The Bensons and the Buchanans are indeed very different. The Bensons are salt-of-the-earth working class and Annabel is, well, a bit of a snob. But I loved writing them all. And, if I’m honest, there’s a lot of me in Annabel. I was given up for adoption as a baby and through Annabel I found a voice to say an awful lot of things I haven’t dared say before. That was cathartic. If I had to pick one character though, it would definitely be Jack. Writing scenes for Jack, the six year old, always puts a smile on my face. He’s loosely based on my two nephews, who are always making me laugh with the funny things they say.

What are your top three tips for surviving the Christmas season?

Gin. Champagne. And staying out of the kitchen.

There are lots of laugh out loud moments in the book; please could you share your favourite Christmas cracker joke with us?

What’s brown and sticky? A stick.

If your main characters were putting on a Christmas Panto which roles would they take?A Proper Family Christmas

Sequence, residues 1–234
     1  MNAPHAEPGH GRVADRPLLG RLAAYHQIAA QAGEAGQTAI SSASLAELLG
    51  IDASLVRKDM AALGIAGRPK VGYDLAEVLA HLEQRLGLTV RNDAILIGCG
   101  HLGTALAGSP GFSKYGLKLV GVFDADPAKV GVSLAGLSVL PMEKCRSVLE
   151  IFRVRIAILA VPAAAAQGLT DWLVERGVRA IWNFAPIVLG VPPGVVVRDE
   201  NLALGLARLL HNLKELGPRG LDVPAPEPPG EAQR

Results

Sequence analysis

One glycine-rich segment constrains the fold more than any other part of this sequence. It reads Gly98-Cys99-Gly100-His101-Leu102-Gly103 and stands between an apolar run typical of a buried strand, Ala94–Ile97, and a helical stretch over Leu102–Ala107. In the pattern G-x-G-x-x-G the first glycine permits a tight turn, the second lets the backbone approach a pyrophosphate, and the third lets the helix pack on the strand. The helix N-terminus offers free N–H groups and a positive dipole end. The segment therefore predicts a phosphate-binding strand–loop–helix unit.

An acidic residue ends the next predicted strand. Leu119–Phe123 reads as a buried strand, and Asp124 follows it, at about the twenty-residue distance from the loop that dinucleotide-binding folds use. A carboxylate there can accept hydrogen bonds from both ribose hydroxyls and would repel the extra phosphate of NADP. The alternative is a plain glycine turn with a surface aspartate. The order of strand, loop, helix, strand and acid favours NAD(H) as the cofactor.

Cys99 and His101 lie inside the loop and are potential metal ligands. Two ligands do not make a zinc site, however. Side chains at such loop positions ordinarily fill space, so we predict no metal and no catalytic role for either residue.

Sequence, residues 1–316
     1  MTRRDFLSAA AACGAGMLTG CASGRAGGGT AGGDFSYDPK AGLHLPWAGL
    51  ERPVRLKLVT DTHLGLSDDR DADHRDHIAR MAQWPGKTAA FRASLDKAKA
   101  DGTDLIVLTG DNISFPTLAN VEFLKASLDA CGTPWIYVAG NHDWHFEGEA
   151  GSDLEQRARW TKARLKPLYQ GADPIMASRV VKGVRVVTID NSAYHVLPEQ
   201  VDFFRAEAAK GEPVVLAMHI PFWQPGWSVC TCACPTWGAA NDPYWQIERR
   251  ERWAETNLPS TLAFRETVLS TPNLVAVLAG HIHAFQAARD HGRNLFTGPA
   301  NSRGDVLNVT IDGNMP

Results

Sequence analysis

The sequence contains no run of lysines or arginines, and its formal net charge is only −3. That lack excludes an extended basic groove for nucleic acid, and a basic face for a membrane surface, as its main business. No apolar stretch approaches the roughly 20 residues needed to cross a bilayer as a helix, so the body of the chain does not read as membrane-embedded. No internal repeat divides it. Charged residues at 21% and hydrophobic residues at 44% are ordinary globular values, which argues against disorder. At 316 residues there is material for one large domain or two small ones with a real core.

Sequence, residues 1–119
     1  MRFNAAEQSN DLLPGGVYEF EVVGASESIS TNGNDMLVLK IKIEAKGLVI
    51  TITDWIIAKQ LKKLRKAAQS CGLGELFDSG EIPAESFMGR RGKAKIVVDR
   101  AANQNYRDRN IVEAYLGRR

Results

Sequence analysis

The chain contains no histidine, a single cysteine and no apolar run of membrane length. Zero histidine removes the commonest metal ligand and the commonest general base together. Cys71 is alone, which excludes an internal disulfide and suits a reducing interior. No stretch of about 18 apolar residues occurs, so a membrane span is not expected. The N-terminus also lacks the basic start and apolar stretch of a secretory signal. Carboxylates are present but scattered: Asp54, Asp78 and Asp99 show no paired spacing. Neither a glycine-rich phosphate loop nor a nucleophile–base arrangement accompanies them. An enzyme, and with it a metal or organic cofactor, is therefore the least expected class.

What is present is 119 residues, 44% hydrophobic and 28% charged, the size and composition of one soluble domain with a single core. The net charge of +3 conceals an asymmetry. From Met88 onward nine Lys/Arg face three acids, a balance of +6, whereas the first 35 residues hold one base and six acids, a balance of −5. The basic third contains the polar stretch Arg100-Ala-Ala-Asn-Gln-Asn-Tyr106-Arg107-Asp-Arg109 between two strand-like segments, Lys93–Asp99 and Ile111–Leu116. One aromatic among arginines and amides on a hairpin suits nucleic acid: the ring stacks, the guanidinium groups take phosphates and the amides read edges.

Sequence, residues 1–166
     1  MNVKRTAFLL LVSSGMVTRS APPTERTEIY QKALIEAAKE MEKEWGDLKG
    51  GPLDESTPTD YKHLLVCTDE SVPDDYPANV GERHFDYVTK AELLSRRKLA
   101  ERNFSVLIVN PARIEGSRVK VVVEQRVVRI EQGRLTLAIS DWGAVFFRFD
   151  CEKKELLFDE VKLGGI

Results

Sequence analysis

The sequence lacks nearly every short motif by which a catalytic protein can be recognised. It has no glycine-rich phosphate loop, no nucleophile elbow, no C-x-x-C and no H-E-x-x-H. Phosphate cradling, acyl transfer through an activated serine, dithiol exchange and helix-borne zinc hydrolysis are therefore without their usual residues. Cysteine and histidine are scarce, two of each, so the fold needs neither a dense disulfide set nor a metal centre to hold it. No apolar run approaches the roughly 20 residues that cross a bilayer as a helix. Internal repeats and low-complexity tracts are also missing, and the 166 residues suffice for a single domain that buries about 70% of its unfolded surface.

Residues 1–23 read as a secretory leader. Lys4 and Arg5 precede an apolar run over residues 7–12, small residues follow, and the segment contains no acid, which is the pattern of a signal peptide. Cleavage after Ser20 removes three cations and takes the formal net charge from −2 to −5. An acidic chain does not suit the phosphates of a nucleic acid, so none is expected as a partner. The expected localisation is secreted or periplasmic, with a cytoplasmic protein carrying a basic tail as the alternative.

There are so many characters it’s hard to know where to start. The obvious answer is Cinderella, with poor put-upon Chelsea in the title role with her two big sisters as the uglies. But that’s a bit harsh. I hope all three of the Benson girls have their redeeming features. Perhaps they would put on Hansel and Gretel, instead, with Jack and Lily in the title roles.

Which three Christmas songs would you put on the soundtrack for A Proper Family Holiday?

The Coventry Carol, which is my favourite Christmas song of all time, for the sad bits.

Wham’s Last Christmas for lovelorn Chelsea.

And Slade’s Merry Christmas Everybody, for the knees-up at Ronnie’s house.

And finally … what can we expect next from Chrissie Manby?

I’ve just starting writing another novel featuring the Bensons. It’s a summer release and they’re back on holiday but this time they’re going on a cruise. Expect more family drama and lots of laughter, especially from Granddad Bill and Jack. I’m really looking forward to taking the Bensons on another adventure. Having such a wide range of characters to play with is great fun. The possibilities are endless. And this time, I’m going to be able to do some fantastic research too. As I write these answers, I’m looking forward to going on my first ever cruise on Princess Cruises’ new ship The Regal Princess out of Fort Lauderdale in Florida. I can’t tell you how excited I am. At last, an excuse to wear all my stripy t-shirts!

Follow Chrissie on Twitter @chrissiemanby, or visit her website www.chrissiemanby.co.uk to find out more about her writing.

A Proper Family Christmas is out now in paperback and eBook, published by Hodder.